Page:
What Does Being in the FFA Mean to You?


Sophomore Vet students work on trimming the nails of Kanga the Border Collie during their grooming unit. These opportunities through the FFA allow students to explore their future career paths and find their passions. (Woodbury FFA)

Genieva Pawlowski, Campus News Editor

WOODBURY — I believe in the future of agriculture, with a faith born not of words but of deeds.

For the future of agriculture, the FFA — or as it was previously known prior to 1988, the Future Farmers of America — represents the whole agricultural community around the globe. With their noble intentions and all around drive to bring positivity to the table, the FFA supporters put honor on the name. 

At Nonnewaug, students and staff who share this title of member strive to keep the school involved by creating opportunities for grades 9-12 to earn FFA credit which is a requirement with students.

The question remains: Why is FFA so important to NHS?

Several agriscience teachers at NHS are alumni who continue to support the FFA in their teaching efforts and fundraisers such as “Mane and Tails,” run by Marissa Bedron, the equine management instructor at NHS and 2010 graduate. 

“It provides students with extremely important opportunities that all students should have, but most high schools do not offer,” says Ed Belinsky, the director of the Ellis Clark Regional Agriscience and Technology Program at Nonnewaug.

When asked to describe the FFA in three words, many students and teachers agreed on leadership as a top pick.

“Leadership, friendship, and experience,” says Faith Lally, the junior historian for the Woodbury FFA chapter.

“Fun, passion, and leadership,” says Leah Quijano, an involved agriscience senior at NHS.

“[The FFA] teaches leadership, public speaking, problem solving, working with a group to accomplish a task, and allows students to continue learning about their interests outside of the classroom,” says Belinsky.

In the agriscience building, students are taught to value their leadership and set a positive example for the chapter while in the classroom and out of it by using skills taught throughout their years.

Bowling Night kicked off FFA week in February. (Woodbury FFA Instagram)

“A quality that FFA members should have is leadership,” says Quijano. “Being in the FFA program gives you lots of opportunities to be a leader in your own way. You’ll thrive in the program if you take these opportunities.”

Being a member in this organization gives students more than enough opportunity to expand their personal thinking and gives members challenges to refine their agricultural future endeavors.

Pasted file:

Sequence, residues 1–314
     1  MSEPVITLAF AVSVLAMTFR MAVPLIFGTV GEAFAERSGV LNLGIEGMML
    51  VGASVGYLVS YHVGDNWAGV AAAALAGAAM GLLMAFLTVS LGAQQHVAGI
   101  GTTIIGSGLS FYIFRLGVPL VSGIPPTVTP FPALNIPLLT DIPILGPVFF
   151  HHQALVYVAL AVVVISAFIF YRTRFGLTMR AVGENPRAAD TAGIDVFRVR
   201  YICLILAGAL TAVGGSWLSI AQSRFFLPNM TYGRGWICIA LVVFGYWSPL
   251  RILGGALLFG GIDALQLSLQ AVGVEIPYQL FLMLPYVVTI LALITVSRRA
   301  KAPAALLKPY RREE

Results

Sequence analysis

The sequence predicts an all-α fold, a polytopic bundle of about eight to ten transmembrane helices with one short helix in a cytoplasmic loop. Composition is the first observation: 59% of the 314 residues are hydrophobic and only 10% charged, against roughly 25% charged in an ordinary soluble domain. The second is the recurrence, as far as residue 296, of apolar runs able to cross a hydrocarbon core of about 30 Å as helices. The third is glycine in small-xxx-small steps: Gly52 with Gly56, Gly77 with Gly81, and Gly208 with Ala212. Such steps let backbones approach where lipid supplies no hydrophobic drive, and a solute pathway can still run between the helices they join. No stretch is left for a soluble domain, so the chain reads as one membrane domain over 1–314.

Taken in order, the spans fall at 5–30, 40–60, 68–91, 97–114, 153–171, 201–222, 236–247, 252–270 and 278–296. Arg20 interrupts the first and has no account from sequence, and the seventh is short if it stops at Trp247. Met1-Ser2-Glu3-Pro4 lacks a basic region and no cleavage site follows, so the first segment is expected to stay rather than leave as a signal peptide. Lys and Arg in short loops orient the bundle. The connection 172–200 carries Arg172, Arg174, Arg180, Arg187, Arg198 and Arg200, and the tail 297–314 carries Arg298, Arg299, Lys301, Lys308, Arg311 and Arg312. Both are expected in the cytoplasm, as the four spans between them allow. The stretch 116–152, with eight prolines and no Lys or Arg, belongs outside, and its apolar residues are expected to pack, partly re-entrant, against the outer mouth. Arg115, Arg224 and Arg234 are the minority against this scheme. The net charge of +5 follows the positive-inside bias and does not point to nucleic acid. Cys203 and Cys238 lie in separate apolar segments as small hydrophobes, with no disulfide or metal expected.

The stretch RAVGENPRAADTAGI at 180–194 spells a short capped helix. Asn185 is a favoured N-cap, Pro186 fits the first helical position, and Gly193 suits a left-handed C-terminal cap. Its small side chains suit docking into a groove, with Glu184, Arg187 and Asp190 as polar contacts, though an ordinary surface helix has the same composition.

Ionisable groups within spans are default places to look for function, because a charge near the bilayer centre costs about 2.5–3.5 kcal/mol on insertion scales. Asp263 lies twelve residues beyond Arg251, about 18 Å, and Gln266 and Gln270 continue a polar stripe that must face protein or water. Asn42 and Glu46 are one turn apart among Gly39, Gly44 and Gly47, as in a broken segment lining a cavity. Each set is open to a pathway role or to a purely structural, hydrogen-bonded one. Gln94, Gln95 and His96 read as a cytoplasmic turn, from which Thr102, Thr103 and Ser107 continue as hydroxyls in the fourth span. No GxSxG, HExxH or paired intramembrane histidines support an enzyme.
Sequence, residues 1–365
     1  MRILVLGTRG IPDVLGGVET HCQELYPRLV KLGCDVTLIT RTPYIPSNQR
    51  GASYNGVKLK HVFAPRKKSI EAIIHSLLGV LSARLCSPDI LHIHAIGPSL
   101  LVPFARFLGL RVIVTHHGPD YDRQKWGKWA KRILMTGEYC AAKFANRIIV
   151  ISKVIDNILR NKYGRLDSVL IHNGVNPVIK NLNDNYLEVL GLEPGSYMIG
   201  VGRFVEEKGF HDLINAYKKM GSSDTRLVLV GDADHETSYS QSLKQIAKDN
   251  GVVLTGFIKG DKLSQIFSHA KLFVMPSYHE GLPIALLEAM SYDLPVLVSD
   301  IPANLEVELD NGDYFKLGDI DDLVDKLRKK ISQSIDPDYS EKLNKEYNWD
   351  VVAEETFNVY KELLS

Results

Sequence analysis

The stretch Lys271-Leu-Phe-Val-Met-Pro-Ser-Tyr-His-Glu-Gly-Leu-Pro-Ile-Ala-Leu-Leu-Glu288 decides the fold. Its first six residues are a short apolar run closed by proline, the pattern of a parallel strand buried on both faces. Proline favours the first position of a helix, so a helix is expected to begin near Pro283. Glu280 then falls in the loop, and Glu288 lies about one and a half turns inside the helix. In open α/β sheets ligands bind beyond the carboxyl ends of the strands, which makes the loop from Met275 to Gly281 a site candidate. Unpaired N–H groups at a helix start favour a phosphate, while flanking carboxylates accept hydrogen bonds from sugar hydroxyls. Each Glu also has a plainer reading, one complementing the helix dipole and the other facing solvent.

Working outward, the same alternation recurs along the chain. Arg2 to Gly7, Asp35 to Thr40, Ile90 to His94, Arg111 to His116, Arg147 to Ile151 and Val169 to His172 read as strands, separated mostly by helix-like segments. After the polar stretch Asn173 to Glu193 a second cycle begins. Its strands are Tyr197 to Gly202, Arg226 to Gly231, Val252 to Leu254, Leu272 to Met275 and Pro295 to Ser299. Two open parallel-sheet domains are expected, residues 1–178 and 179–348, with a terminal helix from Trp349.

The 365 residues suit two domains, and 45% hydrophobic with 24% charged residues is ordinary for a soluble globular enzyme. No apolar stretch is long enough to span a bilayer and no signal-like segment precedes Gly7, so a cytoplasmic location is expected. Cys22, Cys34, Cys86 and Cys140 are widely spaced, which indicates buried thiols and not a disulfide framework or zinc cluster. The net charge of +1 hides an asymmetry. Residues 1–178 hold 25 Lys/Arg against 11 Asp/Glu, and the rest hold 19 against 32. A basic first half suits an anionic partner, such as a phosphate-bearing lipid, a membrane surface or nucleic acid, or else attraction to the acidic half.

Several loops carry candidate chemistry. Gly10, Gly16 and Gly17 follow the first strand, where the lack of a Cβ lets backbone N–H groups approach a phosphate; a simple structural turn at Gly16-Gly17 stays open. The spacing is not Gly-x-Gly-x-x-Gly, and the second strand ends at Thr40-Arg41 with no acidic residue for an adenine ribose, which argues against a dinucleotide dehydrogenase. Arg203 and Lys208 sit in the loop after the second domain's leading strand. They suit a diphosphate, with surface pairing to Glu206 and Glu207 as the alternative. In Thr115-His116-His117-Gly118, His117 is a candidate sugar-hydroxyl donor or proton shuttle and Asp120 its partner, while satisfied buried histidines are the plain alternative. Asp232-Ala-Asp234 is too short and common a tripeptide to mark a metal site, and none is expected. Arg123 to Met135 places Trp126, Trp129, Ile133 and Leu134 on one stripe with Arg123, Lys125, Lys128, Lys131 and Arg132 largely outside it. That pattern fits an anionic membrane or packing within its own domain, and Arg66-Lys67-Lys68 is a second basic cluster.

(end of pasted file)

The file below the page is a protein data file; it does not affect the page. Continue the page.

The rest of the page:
“An FFA member should have the desire to make themselves a better person,” says Jamie Paige, the vice president of the Woodbury FFA chapter, “whether this means developing skills like leadership confidence or public speaking.”

The program’s successes are truly immeasurable. Ranging from annual accolades earned at national and state competitions, to alumni working in the field of agriculture, the Woodbury FFA’s reputation is gilded — and for good reason. 

The program has a rich history and strong reputation on the national level, winning numerous awards including being a three-star chapter and a National Chapter Award finalist for their program of activities, that is all student run.

Students believe that being part of this community or family, as many say, has been nothing but beneficial in their high school career. Whether it was from making friends or getting involved, the FFA has turned out to help them in a positive way.

Being part of the FFA is important to me because it gives me more knowledge and more friends,” says Quijano. “The more involved I became, the more friends I made.”

Many of the student members agree that the FFA has helped doors open for them career-wise. It gave them the skills and knowledge to adapt to a new lifestyle of their careers. For students like Paige, the FFA has helped her discover her passion.

“If it wasn’t for the FFA, I wouldn’t know what to do. I have found my friends, passion, and the kind of person I am through the FFA,” says Paige.

To pinpoint one aspect that makes the FFA so great wouldn’t be possible in such a broadened community. When asked about his favorite part of the FFA, Belinsky explains that every class has aspects that makes it special. 

“My favorite part of FFA is that students get to experience their interests on a national level,” says Belinsky. “Whether you are interested in veterinary science, forestry, mechanics, floriculture or livestock judging, you get to meet thousands of people throughout the country with the same passions as you.”

A community of many turns into a family once the day is done in the agricultural field. All classes collaborate to get tasks done, especially in the spring. These skills that the students pick up will be carried into their lives of work, and the reasoning behind it all is the FFA.

“Over the years, I have seen students and graduates accomplish incredible things. I believe that much of their success is based around the increased self-confidence that was taught to them through FFA,” says Belinsky. “They learn to overcome obstacles, follow their hearts, and to persevere.”